The SSID is only part of the information used between an AP and a station, and many software clients will aggregate or simplify the networks they find into one entry in the wireless networks. However with most enterprise wireless solutions, each AP will have a separate BSSID (looks like a MAC address) that is associated with a logical interface on the physical interface.
With some software clients (Intel used to do this, but I haven't used it in a while so not sure if they still do), you will see each unique AP/BSSID listed in the wireless network list, so you end up with multiple entries with the same SSID. You can also use a software tool like InSSIDer to view the individual devices broadcasting the same SSID.
You are correct in that they share the same "collision domain" and resources, however there are many reasons to do so. For instance, you may want to provide different security mechanisms such as WPA2-Enterprise for your employees and an "Open" network with a captive portal for guests.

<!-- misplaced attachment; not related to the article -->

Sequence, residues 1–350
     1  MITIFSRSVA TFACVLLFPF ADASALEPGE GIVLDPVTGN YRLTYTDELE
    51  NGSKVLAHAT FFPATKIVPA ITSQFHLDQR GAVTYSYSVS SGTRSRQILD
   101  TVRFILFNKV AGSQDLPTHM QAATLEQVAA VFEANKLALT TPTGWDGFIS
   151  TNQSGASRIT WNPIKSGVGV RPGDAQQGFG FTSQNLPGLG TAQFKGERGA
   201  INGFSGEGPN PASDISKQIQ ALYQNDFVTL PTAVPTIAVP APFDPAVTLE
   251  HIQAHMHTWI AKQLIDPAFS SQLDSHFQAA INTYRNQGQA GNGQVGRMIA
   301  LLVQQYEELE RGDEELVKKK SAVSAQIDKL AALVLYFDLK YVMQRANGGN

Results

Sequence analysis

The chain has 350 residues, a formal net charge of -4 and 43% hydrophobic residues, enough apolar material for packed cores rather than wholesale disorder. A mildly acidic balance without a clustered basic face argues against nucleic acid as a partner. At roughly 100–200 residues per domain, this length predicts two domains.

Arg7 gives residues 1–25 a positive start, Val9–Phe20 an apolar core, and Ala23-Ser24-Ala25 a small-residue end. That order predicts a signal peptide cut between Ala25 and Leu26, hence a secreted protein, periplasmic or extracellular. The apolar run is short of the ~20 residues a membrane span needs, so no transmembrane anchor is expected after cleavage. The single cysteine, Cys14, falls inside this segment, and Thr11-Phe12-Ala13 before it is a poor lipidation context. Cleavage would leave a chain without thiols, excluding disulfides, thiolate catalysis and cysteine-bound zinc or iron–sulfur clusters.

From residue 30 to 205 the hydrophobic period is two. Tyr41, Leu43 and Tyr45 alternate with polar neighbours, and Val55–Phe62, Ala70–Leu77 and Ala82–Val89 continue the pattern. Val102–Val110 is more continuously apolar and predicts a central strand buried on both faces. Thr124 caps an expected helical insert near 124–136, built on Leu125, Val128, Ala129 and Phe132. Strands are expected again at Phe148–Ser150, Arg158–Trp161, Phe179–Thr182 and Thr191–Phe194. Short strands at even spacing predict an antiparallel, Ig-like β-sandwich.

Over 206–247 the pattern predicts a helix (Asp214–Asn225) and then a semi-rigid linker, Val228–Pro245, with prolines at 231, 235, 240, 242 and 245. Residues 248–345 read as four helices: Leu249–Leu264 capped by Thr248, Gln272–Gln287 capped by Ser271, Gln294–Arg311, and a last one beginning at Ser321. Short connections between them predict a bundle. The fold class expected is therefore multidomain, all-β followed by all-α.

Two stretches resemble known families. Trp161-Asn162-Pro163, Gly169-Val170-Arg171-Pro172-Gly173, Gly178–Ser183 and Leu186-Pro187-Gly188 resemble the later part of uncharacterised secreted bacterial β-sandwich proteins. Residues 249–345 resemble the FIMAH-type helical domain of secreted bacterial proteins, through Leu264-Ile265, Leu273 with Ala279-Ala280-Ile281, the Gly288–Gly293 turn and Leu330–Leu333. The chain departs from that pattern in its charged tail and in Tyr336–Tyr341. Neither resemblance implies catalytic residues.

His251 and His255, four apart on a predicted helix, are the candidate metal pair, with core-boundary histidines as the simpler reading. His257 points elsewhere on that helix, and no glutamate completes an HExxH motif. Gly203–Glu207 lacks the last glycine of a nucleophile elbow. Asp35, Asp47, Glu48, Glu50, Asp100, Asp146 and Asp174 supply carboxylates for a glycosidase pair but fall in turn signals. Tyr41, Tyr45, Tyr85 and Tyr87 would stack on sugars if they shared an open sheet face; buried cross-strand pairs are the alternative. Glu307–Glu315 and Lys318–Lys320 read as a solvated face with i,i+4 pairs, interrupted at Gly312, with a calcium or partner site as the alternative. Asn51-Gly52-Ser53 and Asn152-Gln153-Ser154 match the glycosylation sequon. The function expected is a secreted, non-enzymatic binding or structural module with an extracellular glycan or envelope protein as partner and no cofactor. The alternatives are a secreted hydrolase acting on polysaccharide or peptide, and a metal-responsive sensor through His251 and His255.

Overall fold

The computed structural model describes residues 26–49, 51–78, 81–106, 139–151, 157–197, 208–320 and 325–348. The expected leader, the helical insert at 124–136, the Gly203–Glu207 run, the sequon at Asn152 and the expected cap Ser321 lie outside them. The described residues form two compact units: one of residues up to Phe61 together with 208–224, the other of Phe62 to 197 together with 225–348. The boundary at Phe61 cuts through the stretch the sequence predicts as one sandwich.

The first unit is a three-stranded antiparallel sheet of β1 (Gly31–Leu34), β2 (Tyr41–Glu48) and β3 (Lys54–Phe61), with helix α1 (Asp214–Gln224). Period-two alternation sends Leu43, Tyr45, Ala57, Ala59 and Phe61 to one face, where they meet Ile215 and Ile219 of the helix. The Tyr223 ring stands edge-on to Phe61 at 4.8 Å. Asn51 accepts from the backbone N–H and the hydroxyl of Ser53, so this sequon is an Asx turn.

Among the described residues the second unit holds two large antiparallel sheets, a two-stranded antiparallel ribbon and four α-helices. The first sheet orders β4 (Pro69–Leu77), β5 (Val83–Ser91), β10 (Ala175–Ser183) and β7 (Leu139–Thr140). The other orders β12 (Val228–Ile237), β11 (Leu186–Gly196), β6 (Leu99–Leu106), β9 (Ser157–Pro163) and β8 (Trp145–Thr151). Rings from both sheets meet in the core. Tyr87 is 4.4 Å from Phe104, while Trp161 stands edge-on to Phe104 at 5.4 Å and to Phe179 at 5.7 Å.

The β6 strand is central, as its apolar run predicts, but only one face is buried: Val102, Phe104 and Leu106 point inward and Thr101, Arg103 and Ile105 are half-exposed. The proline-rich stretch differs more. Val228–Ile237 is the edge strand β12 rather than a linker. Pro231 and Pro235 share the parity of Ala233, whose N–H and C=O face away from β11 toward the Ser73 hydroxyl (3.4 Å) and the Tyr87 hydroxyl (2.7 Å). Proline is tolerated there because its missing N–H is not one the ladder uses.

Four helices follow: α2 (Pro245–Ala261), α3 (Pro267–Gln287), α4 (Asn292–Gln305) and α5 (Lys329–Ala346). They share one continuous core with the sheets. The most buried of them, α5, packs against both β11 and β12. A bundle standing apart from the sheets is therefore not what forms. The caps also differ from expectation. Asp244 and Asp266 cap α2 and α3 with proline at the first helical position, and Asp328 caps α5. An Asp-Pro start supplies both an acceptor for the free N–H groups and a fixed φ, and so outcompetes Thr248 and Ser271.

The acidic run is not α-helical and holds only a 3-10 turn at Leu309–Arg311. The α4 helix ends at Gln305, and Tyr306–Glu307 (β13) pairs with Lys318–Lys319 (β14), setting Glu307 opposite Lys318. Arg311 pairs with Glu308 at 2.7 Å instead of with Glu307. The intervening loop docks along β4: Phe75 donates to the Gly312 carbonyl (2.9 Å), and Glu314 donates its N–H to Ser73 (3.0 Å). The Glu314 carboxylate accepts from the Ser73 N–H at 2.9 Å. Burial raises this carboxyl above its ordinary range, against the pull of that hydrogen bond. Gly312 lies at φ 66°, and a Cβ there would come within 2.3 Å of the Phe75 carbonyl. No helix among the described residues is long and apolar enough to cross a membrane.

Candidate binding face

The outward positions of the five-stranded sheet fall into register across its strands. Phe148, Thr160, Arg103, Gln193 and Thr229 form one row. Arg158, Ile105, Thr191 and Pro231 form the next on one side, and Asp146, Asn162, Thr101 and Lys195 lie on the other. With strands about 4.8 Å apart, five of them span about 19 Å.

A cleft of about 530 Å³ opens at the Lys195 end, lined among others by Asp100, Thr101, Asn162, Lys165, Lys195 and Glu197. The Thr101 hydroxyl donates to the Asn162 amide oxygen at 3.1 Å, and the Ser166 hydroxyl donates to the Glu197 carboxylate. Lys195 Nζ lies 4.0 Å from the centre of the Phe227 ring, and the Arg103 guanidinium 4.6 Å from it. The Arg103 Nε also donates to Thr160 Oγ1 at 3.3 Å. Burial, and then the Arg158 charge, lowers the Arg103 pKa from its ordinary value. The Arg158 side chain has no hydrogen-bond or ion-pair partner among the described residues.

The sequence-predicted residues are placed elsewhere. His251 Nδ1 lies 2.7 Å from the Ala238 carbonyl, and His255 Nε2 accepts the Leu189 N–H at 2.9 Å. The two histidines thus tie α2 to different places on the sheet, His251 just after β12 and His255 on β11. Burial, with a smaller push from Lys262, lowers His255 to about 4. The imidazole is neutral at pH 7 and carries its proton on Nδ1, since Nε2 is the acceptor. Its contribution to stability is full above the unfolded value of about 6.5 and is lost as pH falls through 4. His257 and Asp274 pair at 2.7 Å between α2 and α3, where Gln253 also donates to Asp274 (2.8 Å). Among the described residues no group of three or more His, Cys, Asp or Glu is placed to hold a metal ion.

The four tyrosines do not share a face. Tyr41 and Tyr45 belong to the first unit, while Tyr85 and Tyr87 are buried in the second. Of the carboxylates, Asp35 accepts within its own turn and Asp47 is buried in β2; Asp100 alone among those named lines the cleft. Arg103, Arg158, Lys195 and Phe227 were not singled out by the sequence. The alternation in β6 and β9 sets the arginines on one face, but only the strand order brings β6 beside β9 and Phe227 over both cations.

You could do this with two different sets of APs, each doing one or the other. However in the 2.4GHz space, you really only have three channels to work with in your channel plan, so unless you only need one AP for each, you are going to have channel overlap and still be sharing the "collision domain" (and this also complicates the channel planning significantly, but that's another discussion). Better to do so with multiple logical interfaces on one device as this means less devices, a lower cost (both capital and operational), and a simpler network to manage.
Now there is a caveat, and that is with each additional BSSID/SSID on a physical device, the more you do lower the efficiency of the RF use, mainly because you are creating additional management traffic in the air. While dated, you can find a good explanation on this effect in this document, if you are interested.